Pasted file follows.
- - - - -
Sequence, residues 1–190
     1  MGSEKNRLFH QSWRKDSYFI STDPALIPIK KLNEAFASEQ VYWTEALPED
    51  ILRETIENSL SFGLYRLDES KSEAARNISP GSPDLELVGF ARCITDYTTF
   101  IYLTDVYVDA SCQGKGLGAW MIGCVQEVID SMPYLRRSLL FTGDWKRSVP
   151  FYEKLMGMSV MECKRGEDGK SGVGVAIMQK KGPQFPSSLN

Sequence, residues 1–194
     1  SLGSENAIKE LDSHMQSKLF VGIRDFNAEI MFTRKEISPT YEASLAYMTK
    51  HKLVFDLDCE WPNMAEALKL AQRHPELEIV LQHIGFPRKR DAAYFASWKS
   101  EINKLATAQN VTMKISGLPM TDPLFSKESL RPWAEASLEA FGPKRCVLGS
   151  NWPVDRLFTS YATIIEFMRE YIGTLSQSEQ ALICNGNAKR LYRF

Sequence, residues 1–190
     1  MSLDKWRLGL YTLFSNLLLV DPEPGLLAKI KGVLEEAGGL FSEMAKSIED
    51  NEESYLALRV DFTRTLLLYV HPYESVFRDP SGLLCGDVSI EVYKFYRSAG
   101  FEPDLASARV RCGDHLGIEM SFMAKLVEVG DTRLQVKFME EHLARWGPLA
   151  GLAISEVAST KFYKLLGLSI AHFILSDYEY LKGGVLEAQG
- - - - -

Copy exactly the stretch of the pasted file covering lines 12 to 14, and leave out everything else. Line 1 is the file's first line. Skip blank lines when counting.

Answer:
     1  MSLDKWRLGL YTLFSNLLLV DPEPGLLAKI KGVLEEAGGL FSEMAKSIED
    51  NEESYLALRV DFTRTLLLYV HPYESVFRDP SGLLCGDVSI EVYKFYRSAG
   101  FEPDLASARV RCGDHLGIEM SFMAKLVEVG DTRLQVKFME EHLARWGPLA